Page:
French manga publishers are a, shall we say, varied group (a.k.a. motley crew), in somewhat the same way as their American counterparts. However, I do think that overall the French side has been a bit healthier on average, which admittedly is not saying much considering the state of the U.S. comics industry. Anyway, here is what I have gathered about each of the major players in the French market (the manga players, as it were...):
The last year or so (as of January 2005) have witnessed the influx of a whole bunch of new manga publishers. It's clear we're in the midst of a whole new manga boomlet, as last seen ca.1996-7. I'll be posting more information and profiles here over the next couple of weeks as I get things organized.
|One of Christophe Lemaire (SEEBD)'s lines, which was to specialize in seinen (young adult) titles. However, rumor has it Japanese publishers hated the name, so he dropped it after publishing only one title (Strain).|
|Another of Christophe Lemaire (SEEBD)'s lines. They seem to specialize in shoujo manga. They've only just started, with two titles announced (Amakusa 1637 and Forbidden Love).|
|Seems to be kind of a spin-off of Tonkam. They specialize in seinen (young adult) titles, especially ones by Tezuka.|
|Atomic Club/Shadow Comics|
|Atomic Club is another Parisian comics shop, like Tonkam and (the late) Samourai. Like them, it too has entered into the manga publishing business, starting in late 1999, in association with Shadow Comics. So far, their only titles are the Kakinouchi Narumi vampire ones (Princesse Vampire Miyu and so on). Boy, their logo is even more annoying than Manga Player's, isn't it? However, the Miyu manga looks pretty good, unflipped, on decent paper.|
|Another of Christophe Lemaire (SEEBD)'s ventures,
publishing erotic B.D.s, started in mid-2000, taking up where Le
Téméraire left off. They did both "native" B.D. titles (that
is, from French and Italian authors), and H mangas as well. From what
little I can tell without actually having read them, it appears that
most of BD Erogène's earlier manga editions were based directly
on the American Studio Proteus ones. Later ones, including the "Anime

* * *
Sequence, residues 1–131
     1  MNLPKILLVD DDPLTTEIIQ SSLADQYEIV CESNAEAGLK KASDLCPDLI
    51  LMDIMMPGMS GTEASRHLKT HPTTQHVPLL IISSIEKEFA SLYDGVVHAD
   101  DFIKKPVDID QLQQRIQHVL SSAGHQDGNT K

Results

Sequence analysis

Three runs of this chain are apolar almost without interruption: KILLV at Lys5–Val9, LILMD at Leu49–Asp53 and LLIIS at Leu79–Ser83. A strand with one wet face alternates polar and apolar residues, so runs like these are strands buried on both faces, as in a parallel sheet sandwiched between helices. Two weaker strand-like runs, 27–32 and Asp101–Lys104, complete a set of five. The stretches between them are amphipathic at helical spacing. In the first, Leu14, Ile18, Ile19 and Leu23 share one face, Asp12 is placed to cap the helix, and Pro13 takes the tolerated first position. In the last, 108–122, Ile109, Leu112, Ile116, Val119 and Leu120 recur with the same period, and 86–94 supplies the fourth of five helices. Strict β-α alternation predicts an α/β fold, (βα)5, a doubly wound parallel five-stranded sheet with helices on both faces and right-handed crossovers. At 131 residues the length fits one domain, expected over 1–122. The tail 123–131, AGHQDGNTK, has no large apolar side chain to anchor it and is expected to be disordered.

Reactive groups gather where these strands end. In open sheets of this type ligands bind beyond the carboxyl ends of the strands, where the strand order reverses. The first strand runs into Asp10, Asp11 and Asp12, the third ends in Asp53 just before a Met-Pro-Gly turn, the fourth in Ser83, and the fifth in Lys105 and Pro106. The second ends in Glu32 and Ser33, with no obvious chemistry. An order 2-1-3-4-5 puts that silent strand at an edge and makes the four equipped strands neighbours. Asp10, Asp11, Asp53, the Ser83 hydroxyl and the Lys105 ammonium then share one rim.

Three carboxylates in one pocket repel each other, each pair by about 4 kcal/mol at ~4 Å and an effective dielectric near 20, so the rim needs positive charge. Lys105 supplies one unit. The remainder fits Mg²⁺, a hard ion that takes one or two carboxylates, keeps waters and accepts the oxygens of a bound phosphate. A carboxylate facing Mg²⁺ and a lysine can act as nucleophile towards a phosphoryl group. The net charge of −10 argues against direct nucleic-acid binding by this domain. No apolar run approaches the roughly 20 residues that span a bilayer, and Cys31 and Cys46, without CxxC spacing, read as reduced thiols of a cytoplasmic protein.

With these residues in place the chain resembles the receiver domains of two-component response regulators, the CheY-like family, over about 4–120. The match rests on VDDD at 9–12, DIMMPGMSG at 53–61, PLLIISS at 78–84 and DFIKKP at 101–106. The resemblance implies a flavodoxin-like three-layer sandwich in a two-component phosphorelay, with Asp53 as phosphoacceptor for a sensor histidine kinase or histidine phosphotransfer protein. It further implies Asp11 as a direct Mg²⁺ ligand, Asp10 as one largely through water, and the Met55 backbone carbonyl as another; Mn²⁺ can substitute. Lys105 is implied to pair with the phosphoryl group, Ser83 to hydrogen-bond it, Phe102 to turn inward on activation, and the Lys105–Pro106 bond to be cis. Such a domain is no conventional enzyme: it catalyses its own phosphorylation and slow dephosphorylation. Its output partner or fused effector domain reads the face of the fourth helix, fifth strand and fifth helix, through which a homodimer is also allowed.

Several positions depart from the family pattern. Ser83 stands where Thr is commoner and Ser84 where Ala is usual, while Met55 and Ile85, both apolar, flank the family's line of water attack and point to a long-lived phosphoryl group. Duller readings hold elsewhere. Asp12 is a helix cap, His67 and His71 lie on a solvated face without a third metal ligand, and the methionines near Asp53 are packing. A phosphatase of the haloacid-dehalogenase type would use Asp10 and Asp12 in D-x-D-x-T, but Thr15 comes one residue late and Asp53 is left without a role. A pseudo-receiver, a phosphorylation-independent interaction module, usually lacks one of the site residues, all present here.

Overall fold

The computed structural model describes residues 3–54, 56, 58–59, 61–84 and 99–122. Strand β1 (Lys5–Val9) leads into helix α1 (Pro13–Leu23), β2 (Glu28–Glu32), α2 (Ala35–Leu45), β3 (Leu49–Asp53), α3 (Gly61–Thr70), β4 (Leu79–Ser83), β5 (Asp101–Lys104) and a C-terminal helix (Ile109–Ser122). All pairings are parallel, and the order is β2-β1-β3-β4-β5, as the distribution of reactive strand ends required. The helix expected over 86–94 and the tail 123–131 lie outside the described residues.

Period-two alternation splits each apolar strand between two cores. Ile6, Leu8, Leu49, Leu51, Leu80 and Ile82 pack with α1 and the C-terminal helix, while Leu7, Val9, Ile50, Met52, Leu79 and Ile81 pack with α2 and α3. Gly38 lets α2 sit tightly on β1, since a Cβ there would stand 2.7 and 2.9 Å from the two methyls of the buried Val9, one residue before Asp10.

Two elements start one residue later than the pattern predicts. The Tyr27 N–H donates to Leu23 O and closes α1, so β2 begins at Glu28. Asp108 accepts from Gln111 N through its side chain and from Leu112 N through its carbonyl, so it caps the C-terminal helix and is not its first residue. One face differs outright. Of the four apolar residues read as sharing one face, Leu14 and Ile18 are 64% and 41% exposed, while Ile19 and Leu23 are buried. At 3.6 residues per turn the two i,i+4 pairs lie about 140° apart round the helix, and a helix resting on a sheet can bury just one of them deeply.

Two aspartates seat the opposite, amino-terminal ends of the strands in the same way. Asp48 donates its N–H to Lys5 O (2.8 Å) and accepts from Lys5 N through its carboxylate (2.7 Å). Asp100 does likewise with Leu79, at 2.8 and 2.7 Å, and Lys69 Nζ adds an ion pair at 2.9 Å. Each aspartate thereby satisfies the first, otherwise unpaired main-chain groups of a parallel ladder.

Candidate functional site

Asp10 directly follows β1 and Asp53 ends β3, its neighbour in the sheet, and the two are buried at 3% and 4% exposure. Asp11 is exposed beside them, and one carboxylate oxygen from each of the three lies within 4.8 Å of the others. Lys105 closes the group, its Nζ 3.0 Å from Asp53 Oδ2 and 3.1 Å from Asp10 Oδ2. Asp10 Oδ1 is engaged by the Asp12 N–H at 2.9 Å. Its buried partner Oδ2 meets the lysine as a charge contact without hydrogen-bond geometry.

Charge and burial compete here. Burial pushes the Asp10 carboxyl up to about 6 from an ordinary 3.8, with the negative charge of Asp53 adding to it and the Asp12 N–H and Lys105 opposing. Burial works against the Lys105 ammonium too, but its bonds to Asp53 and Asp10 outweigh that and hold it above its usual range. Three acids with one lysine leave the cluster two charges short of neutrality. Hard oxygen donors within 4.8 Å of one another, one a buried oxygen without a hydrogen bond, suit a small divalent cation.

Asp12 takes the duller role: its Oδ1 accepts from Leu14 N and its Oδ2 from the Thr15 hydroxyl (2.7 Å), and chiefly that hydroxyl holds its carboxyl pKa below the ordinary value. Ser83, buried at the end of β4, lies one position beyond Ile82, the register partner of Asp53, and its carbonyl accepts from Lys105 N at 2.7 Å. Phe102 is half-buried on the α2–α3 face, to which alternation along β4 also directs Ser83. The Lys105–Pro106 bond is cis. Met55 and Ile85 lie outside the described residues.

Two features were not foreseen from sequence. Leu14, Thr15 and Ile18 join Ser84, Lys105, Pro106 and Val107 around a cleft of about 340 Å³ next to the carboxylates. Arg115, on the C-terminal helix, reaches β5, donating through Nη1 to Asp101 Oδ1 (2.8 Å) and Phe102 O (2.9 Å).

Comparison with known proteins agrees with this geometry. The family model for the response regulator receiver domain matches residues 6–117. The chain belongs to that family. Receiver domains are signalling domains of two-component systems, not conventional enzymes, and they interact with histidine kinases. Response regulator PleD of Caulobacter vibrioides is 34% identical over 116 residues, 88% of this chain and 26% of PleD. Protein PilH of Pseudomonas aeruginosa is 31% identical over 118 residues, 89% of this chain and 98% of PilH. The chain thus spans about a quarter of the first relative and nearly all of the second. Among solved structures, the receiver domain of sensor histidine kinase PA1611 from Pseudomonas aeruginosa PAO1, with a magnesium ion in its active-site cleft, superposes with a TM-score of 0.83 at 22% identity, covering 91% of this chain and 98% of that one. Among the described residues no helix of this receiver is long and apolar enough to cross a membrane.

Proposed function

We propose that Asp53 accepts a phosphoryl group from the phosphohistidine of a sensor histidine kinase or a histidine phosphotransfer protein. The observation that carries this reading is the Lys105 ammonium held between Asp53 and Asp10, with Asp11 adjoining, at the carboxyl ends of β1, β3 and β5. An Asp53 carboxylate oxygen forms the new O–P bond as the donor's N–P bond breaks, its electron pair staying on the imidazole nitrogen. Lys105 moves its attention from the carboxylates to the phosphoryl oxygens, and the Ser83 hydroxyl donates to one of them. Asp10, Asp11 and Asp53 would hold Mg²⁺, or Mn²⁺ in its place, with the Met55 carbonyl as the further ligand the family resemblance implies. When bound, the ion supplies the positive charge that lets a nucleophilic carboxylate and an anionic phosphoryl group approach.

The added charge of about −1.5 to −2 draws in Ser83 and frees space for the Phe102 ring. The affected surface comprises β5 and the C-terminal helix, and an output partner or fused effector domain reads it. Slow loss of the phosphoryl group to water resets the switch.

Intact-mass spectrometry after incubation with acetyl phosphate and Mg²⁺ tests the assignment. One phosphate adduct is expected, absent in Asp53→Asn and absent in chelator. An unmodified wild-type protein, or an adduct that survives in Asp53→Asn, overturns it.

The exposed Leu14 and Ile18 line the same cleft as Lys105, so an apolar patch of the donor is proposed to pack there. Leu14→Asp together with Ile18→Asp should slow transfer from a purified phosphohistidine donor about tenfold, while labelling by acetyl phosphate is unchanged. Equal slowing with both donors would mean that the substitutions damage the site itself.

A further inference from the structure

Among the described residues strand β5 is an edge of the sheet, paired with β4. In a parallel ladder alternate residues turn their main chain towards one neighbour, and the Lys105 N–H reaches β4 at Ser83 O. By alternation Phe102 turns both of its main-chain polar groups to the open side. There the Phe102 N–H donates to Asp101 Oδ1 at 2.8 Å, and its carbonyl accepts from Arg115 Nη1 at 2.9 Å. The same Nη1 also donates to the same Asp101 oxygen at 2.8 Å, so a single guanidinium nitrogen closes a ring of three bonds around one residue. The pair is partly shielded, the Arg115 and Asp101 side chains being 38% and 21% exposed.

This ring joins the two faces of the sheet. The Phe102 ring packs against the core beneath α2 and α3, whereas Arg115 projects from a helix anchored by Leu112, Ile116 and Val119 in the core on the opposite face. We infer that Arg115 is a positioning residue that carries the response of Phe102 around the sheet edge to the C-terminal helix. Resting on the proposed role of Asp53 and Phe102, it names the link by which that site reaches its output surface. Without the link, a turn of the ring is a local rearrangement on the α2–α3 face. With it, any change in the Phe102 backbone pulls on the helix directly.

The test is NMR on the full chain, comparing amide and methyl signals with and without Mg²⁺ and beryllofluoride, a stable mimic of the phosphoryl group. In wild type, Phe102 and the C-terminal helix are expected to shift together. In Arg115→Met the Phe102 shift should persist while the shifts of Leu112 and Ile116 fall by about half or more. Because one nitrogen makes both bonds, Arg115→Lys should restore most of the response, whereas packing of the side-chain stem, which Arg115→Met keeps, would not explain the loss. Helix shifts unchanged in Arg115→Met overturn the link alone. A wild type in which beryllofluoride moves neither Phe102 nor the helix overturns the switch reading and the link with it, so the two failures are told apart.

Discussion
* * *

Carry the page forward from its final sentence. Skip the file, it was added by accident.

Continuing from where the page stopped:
XXX" series of H doujinshi, seem to have more diverse origins - e.g.,
done from Spanish and possibly Italian editions, and maybe even directly
from Japanese ones in some cases. By French standards, they were quite
pricey (same as American prices).
It appears that BD Erogène closed up shop around March, 2004: they closed their web site, and cancelled all of the work they had previously scheduled to come out. Many of their previous works have now gone out of print.
|Well known as the publishers of Tintin, they
actually put out quite a range of B.D. titles. Their manga titles, though
few in number, are similarly diverse, with perhaps some bias toward the
science fiction side. Casterman is more of a mainstream publisher, and
all of their manga titles are (so far as I have seen) flipped - or at
least read left to right, since they often try to rearrange rather than
mirror. The ones I have seen are of good quality, though, with decent
retouch work, printed on good paper, in a larger-than-tankoubon format.
The main complaint about Casterman, aside from their limited and hesitant
production (only 30-some volumes between 1995 and 2002),
is that their editing can at times be a bit subpar, with misprints and
confused placement of dialog in word balloons. The latter is not
helped by the sometimes haphazard results of panel rearrangement, where
it can take a couple of passes to determine whether the dialog should
be read left-to-right or right-to-left.
Casterman seems to lean toward one-shots or very short series (2 or 3 volumes), from authors we tend not to hear about too much in the West. A very interesting and unique catalog. Widely sold in Europe and Québec. Even U.S. bookstores have been known to carry some Casterman titles.
Casterman obviously took my (well-meaning) criticisms to heart, since in Fall, 2004, they started a new manga line with new editing standards and much faster production, Sakka (q.v.).
|Dargaud is a French B.D. publisher; Kana is its
manga label. They were among the slowest to get going in the manga
market (starting around 1997) and, up until recently, only published
a few titles, including Detective Conan, St. Seiya, Slam Dunk, Yuyu
Hakusho. Recently, however, they've greatly expanded their line, which
is fortunate, since their editions are generally quite good: inexpensive,
mostly unflipped, careful translation work, with the original katakana
sound effects preserved, and most all the tankoubon extras included.